EU-UK Trade and Cooperation Agreement (TCA), negotiated and ratified at the last possible moment, took effect provisionally from 1 January 2021, before formally entering into force on 1 May 2021, after the ratification processes were completed. According to TCA, trade in goods between the EU and UK shall not be subject to tariffs or quotas. Traders can self-certify compliance with agreed rules of origin. However, because the UK left the EU customs area, customs formalities were reintroduced between the two parties, and VAT and specific other duties started to apply upon import. TCA holds provisions intended to limit technical barriers to trade (TBT), building on the WTO TBT Agreement. Special provisions apply for Northern Ireland and Ireland-specific cases. The agreement has many imperfections and could create problems for both parties in the medium to long run.

On 8 December 2021, social Democrat Olaf Scholz was sworn in as Germany’s new chancellor, thus ending 16 years of conservative rule under Angela Merkel. It paved the way for a pro-European coalition government that vowed to boost green investment.

Some countries will hold important presidential and parliamentary elections in 2021. From the EU perspective, the elections in France will be of particular significance. The French presidential elections will be held on 10 and 24 April 2022, and legislative elections on 12 and 19 June. The current president Macron is currently indicated as a winner in the polls but only in the second round. A potential loss to Le Pen or Pécresse could constitute a significant shift in French policy with global impact.

The euro-linked ERM II includes the currencies of Bulgaria, Croatia, and Denmark. The Bulgarian lev joined ERM II on 10 July 2020 and observes a central rate of 1.95583 to the euro. Bulgaria also committed unilaterally to continue its currency board arrangement within the ERM II. By mid of 2022, a decision should be made on the potential extension of the eurozone by Croatia by 1 January 2023. Croatia may introduce a double quotation upon the approval to join already in 2022. The above step could affect both the internal trade within the EU but also strengthen the position of the eurozone and EU, weakened after Brexit.

COP26 summit resulted in the Glasgow Climate Pact (GCP) — agreed to by all participating countries and led to various pledges by countries. The results of GCP will affect the global economy in the medium to long-run, should not, however, affect the global trade immediately in 2022. Interestingly, the United States committed to lifting tariffs on aluminum and steel produced in the EU, less carbon-intensive than similar products made in China. Tariffs remain for other producers, including China (mainland), reflecting the Biden Administration’s desire to incorporate climate policy in international trade. It is an exciting development as the trade policy could be increasingly greener.

In addition, several potential hotspots could be named:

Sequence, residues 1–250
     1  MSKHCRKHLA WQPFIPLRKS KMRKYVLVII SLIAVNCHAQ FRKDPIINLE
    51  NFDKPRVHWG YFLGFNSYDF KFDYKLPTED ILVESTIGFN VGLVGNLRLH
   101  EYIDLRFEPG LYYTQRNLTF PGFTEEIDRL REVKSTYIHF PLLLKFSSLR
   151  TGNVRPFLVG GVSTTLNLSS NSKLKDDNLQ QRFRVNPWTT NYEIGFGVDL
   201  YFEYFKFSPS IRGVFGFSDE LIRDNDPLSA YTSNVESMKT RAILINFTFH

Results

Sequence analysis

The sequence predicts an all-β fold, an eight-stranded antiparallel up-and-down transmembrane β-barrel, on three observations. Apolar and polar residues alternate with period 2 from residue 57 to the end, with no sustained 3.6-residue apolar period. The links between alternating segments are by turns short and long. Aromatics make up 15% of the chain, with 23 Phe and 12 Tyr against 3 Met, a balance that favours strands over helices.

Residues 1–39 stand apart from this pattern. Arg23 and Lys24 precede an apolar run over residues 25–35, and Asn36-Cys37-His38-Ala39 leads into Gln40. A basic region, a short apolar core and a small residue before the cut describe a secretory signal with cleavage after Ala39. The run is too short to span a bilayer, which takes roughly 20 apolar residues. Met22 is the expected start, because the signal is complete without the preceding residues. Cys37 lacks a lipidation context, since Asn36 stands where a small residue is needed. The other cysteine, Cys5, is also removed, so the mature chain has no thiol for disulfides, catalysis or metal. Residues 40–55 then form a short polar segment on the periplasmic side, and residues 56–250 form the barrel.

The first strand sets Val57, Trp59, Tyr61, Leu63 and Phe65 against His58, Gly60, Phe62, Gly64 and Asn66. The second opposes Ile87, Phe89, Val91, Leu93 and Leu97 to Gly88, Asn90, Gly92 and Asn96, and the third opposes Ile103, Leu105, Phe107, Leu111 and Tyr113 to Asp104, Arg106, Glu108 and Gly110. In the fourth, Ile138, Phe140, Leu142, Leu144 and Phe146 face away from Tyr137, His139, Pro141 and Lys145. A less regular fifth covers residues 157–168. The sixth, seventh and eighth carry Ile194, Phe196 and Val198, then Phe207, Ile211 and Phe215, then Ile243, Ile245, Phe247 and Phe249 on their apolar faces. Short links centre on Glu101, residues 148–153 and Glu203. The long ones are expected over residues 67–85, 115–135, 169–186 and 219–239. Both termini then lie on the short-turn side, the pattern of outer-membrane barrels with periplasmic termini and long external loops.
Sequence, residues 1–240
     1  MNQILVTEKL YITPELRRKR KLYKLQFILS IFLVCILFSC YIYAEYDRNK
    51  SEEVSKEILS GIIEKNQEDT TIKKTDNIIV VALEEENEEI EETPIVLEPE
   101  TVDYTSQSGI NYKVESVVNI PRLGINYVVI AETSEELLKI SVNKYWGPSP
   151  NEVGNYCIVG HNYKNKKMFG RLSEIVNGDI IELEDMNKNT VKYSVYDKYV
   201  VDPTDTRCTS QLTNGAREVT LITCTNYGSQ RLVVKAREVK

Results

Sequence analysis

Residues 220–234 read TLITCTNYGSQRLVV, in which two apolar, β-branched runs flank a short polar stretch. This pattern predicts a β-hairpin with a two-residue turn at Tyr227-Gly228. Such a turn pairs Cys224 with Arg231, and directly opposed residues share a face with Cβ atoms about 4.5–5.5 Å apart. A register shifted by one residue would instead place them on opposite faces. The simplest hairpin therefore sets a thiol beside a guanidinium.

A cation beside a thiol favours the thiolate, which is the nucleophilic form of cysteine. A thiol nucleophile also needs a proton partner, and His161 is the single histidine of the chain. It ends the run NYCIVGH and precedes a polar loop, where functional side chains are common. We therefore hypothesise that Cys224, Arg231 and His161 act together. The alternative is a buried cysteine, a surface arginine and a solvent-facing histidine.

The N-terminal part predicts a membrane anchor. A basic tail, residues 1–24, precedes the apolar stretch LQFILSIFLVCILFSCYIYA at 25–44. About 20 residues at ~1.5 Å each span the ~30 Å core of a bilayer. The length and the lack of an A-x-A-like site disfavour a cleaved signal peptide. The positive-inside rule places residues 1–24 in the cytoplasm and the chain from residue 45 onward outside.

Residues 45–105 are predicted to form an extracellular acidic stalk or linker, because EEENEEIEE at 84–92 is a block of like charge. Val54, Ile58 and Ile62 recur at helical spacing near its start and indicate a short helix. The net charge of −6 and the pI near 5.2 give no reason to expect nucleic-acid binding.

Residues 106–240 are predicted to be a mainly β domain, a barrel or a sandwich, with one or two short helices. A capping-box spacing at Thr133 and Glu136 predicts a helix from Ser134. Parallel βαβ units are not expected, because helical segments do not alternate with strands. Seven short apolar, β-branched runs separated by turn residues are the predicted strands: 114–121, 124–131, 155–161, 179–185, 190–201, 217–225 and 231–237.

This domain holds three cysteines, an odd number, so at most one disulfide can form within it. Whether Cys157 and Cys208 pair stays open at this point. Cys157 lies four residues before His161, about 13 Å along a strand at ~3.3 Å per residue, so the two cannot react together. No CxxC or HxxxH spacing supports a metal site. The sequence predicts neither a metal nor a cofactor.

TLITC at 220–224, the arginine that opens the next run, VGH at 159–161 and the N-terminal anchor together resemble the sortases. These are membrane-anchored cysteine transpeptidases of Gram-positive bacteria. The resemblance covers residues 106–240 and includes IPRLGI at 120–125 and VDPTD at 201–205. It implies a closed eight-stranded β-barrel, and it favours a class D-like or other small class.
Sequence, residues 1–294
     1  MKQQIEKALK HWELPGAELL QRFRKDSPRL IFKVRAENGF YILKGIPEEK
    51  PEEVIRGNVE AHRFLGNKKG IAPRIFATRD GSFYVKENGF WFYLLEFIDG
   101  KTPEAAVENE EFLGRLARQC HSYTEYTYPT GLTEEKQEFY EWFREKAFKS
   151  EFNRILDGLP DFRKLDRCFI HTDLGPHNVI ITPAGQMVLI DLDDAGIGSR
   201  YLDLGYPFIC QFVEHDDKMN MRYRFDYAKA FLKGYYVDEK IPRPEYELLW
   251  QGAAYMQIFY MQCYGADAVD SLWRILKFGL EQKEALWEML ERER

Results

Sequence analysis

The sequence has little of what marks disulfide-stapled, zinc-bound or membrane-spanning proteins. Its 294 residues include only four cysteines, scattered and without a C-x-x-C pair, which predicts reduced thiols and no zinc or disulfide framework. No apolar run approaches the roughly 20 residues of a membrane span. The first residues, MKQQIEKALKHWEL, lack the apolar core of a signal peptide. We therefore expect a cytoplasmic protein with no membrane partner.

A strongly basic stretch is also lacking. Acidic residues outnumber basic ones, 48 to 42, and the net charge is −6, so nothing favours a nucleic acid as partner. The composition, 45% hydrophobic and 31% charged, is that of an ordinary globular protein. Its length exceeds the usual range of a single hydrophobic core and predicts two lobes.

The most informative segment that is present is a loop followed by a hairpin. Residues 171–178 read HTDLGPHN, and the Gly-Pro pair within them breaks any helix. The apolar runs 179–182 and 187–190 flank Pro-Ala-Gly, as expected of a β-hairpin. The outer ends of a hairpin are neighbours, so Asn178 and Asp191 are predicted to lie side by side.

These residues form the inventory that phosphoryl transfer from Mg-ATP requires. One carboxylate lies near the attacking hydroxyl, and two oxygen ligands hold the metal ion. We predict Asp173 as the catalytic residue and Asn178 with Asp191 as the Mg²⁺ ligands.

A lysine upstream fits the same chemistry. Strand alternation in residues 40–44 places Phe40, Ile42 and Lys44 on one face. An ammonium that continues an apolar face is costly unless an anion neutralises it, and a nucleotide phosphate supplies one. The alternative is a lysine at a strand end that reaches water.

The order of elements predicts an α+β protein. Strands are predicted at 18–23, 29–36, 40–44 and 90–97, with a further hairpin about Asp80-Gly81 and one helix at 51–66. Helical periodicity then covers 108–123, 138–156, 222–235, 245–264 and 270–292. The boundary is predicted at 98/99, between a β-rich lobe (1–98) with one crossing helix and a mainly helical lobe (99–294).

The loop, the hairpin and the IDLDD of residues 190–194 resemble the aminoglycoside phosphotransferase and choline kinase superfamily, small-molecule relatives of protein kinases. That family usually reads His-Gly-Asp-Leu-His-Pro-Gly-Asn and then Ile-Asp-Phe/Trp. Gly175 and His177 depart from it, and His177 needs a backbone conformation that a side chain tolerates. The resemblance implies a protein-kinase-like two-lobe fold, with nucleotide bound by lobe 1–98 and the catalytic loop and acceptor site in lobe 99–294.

• Potential military conflict between Russia and Ukraine with a massive buildup of forces on the borders in place, realistic after the annexation of Crimea and the ongoing conflict in Donbas – NATO, EU, and the US have stressed that this could lead to massive additional sanctions being placed on Russian Federation
• Tensions on the EU-Belarus border with a regime-led escalation in the migrant crisis
• The natural gas crisis in Europe related to global developments and problems with Nord Stream 2 gas link
• Escalation in instability in Lebanon & Syria could affect the Middle East
• Uprising in Kazakhstan that could destabilize the situation in other Central Asian states and even further

The unresolved issue of Iran’s nuclear program, the unresolved conflicts between Armenia & Azerbaijan, and potential terrorist attacks globally and in the Persian Gulf regions are a few factors to be closely observed as they could quickly impact the global economy if they escalate.

IHS Markit GTAS Forecasting Q4 release – 2021 results and forecasts for 2022

The Q4 2021 release of the GTAS Forecasting model accommodated the most recent macroeconomic estimates from IHS Markit Global Link Model, Q2 data for 2021 from the Global Trade Atlas (GTA) for monthly reporting states, and updated COVID-19-response factors.

The model predicts the real value of global trade to go up to USD 20,175 billion in 2021 and USD 21,038 billion in 2022. Therefore, IHS Markit anticipates a year-on-year increase in the real value of global trade by 12.6% in 2021 (prior, it was +8.5%) and by 4.3% in 2022.

It accommodates both the recovery in global GDP already in the second half of 2020 and a robust growth impulse in Q2 of 2021. The recovery peak was reached in Q2021 and then moderated in Q3 and Q4 2021 and will gradually continue in the forthcoming quarters of 2022.

The predicted CAGR for the period 2021-2030 equals 2.8% and for 2022-2035 equals 2.7% (an increase by +0.2% and +0.1% respectively on the Q3 release results). It represents an upward adjustment in CAGR compared to the prior release, driven mainly by adjustments of GDP forecasts in the GLM model and better than initially expected results for the first three quarters of 2021.